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Alfred the Great: Viking Wars and Military Reforms

Gary Mc Dermott

Undergraduate Thesis, Trinity College Dublin, 2009

Introduction: In the ninth century the British Isles were subjected to several sustained assaults by the Vikings. They descended upon the island and destroyed the native kingdoms of East Anglia, Northumbria and Mercia. They later settled in what became known as the Danelaw. Alfred not only had to deal with overseas invasions in two major campaigns but also the threat of the inhabitants of the Danelaw joining their brethren in constant raiding. The kingdom of Wessex alone survived this onslaught and went on to absorb its neighbours and later rose to become a unified kingdom of England.

The purpose of this piece is to examine Alfred the Greats Viking wars and to ascertain why his kingdom of Wessex survived the Viking onslaught in the ninth century. How he dealt with the Viking’s mobility and their battle hardened war bands, stemming the tide which flowed over England. It will attempt to identify what reforms or policies that were followed regarding the military. Furthermore it will evaluate these policies to see if they were successful and whether they can be credited as the reason for the survival of the Kingdom of Wessex.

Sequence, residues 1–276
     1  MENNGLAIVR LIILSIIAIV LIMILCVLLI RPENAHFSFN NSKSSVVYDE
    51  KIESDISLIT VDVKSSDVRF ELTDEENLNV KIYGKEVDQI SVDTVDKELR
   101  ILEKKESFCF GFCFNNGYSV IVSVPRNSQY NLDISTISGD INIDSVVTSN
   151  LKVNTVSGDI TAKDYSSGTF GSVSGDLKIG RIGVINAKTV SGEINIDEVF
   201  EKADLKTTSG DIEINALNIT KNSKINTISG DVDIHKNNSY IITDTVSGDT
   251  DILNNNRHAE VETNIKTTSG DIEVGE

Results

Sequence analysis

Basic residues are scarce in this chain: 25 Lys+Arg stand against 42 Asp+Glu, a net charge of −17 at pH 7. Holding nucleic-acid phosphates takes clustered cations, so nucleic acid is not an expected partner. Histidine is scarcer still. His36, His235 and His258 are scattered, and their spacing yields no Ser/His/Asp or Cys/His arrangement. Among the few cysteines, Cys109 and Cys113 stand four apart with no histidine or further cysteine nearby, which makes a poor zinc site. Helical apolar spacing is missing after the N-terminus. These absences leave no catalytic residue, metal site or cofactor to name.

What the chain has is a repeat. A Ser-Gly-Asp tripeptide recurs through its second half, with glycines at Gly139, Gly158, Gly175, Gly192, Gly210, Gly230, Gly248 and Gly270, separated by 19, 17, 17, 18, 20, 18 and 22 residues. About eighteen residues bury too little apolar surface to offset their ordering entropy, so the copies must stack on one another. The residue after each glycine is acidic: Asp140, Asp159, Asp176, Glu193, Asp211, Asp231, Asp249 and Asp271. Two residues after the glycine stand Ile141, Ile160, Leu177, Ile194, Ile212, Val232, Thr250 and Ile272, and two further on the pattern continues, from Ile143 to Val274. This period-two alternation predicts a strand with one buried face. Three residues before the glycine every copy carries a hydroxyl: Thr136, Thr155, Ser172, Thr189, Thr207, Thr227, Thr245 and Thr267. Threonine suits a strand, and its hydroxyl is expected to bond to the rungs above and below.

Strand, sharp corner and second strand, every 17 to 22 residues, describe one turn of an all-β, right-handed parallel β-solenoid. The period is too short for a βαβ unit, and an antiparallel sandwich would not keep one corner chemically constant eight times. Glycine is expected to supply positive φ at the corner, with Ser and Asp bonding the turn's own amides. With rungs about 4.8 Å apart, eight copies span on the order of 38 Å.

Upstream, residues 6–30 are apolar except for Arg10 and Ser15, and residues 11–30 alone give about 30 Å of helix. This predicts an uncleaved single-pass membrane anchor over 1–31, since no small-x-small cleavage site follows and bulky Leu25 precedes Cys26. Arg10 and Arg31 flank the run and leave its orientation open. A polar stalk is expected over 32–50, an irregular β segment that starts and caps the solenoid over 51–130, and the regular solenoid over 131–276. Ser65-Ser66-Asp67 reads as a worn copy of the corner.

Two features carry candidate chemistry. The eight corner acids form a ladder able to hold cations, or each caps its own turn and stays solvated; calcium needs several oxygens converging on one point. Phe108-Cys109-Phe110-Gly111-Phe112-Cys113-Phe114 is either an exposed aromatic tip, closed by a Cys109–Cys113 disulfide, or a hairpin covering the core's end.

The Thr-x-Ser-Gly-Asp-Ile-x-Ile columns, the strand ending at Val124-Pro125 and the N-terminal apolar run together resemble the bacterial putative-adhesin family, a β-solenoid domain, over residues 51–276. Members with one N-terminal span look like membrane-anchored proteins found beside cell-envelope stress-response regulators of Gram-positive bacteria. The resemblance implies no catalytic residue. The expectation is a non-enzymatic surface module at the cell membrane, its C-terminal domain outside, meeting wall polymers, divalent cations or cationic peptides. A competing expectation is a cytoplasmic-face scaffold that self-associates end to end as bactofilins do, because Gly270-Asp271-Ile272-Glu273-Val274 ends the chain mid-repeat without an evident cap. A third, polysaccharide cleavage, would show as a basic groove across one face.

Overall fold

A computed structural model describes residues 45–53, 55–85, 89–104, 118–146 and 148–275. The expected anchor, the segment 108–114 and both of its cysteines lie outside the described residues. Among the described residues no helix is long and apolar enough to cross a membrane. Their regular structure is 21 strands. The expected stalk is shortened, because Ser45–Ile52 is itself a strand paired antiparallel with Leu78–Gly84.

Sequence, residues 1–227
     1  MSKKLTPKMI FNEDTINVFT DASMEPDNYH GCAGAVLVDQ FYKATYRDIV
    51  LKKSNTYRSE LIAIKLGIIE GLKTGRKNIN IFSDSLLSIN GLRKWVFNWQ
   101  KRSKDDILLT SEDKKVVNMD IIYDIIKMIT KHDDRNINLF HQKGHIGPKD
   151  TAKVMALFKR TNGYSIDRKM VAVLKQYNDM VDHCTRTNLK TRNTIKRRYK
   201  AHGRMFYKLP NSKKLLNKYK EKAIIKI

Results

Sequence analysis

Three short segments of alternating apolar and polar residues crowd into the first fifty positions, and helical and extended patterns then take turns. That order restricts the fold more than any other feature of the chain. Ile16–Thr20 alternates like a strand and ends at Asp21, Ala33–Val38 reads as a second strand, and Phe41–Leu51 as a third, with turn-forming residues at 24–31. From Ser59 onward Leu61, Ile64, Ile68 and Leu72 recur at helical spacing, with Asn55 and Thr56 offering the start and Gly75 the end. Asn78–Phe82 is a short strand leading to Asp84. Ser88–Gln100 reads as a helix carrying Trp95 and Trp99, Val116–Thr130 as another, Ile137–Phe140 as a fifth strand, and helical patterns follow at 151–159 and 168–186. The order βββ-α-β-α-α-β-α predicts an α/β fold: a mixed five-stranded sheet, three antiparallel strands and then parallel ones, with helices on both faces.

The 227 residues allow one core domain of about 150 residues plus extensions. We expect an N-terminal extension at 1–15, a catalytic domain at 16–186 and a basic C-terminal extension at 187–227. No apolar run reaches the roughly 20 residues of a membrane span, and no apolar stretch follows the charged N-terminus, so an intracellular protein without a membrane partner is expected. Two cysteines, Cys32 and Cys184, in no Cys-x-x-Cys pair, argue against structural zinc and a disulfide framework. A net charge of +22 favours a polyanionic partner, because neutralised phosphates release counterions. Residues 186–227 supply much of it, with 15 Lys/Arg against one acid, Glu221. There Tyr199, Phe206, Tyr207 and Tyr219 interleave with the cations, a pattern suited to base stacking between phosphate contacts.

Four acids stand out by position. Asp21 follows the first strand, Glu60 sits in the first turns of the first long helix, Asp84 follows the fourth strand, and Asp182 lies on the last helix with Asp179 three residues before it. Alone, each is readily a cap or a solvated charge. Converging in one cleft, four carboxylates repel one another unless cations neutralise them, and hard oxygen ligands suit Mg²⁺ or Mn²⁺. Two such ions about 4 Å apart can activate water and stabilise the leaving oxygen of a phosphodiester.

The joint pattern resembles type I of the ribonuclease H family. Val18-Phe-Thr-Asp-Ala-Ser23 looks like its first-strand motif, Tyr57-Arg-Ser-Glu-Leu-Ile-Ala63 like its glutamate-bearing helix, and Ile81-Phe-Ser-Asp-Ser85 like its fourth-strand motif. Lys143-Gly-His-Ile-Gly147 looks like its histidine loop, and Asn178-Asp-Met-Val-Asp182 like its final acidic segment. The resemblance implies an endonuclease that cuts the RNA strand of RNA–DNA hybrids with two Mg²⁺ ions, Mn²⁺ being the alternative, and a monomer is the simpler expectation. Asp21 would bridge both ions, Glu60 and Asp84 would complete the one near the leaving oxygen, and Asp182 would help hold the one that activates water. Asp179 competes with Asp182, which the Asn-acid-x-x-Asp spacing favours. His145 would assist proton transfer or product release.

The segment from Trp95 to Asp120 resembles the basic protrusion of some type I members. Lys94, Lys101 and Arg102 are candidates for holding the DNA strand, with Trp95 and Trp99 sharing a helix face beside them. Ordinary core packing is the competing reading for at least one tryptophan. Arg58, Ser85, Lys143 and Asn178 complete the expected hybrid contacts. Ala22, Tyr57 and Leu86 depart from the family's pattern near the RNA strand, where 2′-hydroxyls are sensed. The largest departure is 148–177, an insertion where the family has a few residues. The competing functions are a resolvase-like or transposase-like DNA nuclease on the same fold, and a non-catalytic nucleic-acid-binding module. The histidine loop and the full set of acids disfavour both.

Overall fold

It will rely heavily upon the Anglo-Saxon Chronicle, Asser’s life of Alfred and the Burghal Hidage as its primary sources. As the first two of these sources are likely to have been produced at Alfred‟s court and behest they naturally suffer from a certain amount of bias. The Chronicle is particularly detailed for Alfred‟s reign and it does exclude much relevant information regarding other kingdoms on the island showing where itssympathies lay. There appear to have been several scribes working on this document andtheir relative merits and drawbacks have been noted. It is of particular use regarding Alfred‟s milit ary reforms as the entries in the section 893 to 896 seem to be written insome detail by a single author. Given the level of detail this section may be taken asespecially reliable but it is still necessary to be cautious of partiality at all times.

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